Will my current pets accept a new pet?

Please consider your current pets when taking a new pet into the home. Some pets just won’t be happy with a newcomer. A lot of times current pets can exhibit bad behaviour as a result of the stress caused by a new pet in the home. Usually these behaviours can be corrected with a lot of time and patience, but sometimes it is just not a good idea to have a new pet in the home. Some things to consider are: The age of your current pets – sometimes older pets don’t want to be bothered with new, rowdy children. Consider adopting an older, calmer pet to help keep a happy balance. How socialised are your current pets – sometimes if not socialised well with other animals current pets may never accept a new pet into the home. Possibly try socialising your current pet with the type of pet you are considering adopting to see how they react. How needy are your current pets – Some pet require a lot of time and attention either due to personality or medical concerns. Will you still be able to give that pet all the attention it requires if you adopt a new pet?

Am I getting a pet to teach my children how to be responsible?

If done properly pets can be a great way to teach children responsibility. But most of the time this theory results in pets being brought to refuges. Children cannot be expected to be the sole caretaker of a new pet no matter how much they promise! Are you ready to pick up all the slack as the newness of the pet wears off? A good way to teach children responsibility is to give them certain jobs that relate to pet care, such as feeding, clean water, brushing, etc. and then follow up with them to make sure it gets done.

Does anyone in my family suffer from allergies to animals?

Allergies are on the list of top reasons people surrender pets to refuges. Before adopting a pet make sure that no one in the family is allergic. If you are not sure if you are allergic or not spend a lot of time with friends who have pets to see if you get a reaction to the pet hair and dander. A lot of time people will not react right away if not severely allergic, but having a pet in the home for a period of time, as the pet dander builds up, will have an allergic reaction. If after spending time with a friend who has pets you don’t get a reaction, or get a mild reaction, you may want to consider going for allergy testing. It will be worth it to find out now, before committing your heart and home to a new pet, and then finding out you are allergic. If you are mildly allergic and don’t mind having a pet in the home talk to adoption staff for a list of breeds/types that are better for people with allergies.

With thanks to Ramapo Bergen Animal Refuge, Inc

Seven good reasons for adopting an older dog

1. Senior dogs at shelters need homes just as badly as younger dogs. Many older dogs were once owned and loved by someone. For whatever reason, they were given up and abandoned in a shelter and are in need of a home. Just like puppies and younger adoptable dogs, they make loyal and loving companions.

2. Adopting an older dog may save its life. Many people are quick to adopt puppies and younger dogs, often overlooking dogs over the age of five. Shelters are overcrowded and unfortunately, older dogs are among the first to be euthanized if they aren’t adopted in a timely manner. By adopting a senior dog, you are not only providing it with a better life but are also saving it from being put down.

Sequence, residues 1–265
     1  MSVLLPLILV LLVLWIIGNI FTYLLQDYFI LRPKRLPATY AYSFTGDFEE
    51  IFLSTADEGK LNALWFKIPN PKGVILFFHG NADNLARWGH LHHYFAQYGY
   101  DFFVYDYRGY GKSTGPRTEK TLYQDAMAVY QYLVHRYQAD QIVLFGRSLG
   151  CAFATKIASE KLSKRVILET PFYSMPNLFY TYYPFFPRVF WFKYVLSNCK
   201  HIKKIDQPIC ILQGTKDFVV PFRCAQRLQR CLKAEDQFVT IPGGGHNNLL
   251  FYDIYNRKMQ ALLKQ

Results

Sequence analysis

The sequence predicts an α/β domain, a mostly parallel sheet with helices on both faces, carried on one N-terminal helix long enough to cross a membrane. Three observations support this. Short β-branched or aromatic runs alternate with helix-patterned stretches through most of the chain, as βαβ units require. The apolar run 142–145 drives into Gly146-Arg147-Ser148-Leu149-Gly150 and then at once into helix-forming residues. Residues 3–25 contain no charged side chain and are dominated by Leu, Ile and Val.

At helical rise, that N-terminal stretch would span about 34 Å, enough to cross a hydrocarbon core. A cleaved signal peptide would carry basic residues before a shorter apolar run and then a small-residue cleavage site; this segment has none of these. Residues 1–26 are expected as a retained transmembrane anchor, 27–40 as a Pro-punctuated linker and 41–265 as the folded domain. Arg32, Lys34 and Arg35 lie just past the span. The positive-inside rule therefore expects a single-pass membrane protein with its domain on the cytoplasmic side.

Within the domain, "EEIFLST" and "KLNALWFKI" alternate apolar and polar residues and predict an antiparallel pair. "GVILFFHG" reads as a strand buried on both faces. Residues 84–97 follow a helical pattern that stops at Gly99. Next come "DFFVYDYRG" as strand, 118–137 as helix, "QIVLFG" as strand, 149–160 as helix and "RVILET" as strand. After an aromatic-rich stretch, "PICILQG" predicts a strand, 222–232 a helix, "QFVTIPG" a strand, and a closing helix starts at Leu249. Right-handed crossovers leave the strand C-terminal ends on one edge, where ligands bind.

3. Older dogs are not necessarily “problem dogs” as many tend to think. Senior dogs lose their homes for a variety of reasons, usually having nothing to do with their behavior or temperament, but more due to the fact that their owners are unable to keep them for reasons including: the novelty of owning a dog wearing off, allergies, death of a guardian, a new baby, loss of a job, a move, change in work schedule, and various other lifestyle changes. These dogs need homes just as badly as young adoptees do, and make wonderful household pets.

4. Older dogs usually come trained and understand at least basic commands. Most older dogs are potty-trained and have mastered the basic commands such as “sit,” “stay,” “come,” and “down.” Adopting an already-trained dog will save you a lot of time and energy that you’d normally have to dedicate towards training a young dog.

5. You can teach an old dog new tricks. Dogs can be trained at any age and older dogs are just as smart as younger ones. Older dogs have a greater attention span than a puppy, which make them easier to train.

6. Older dogs are calmer and less energetic than younger dogs. An adult dog has graduated from the puppy stage and has an established demeanor and temperament, which will give you an instant idea of how it will fit into your household. Older dogs have all their adult teeth and are out of the energetic puppy phase, which will result in less destruction to your home. Many of them do well with young children as they have a lower energy level and have possibly lived with them in their past homes.

7. Older dogs make instant companions. Unlike a puppy, which requires leash training, etc. an older dog is ready to accompany you on a long walk and already knows how to play fetch. An adult dog will make a great workout partner, a loyal companion, and a late night snuggle buddy.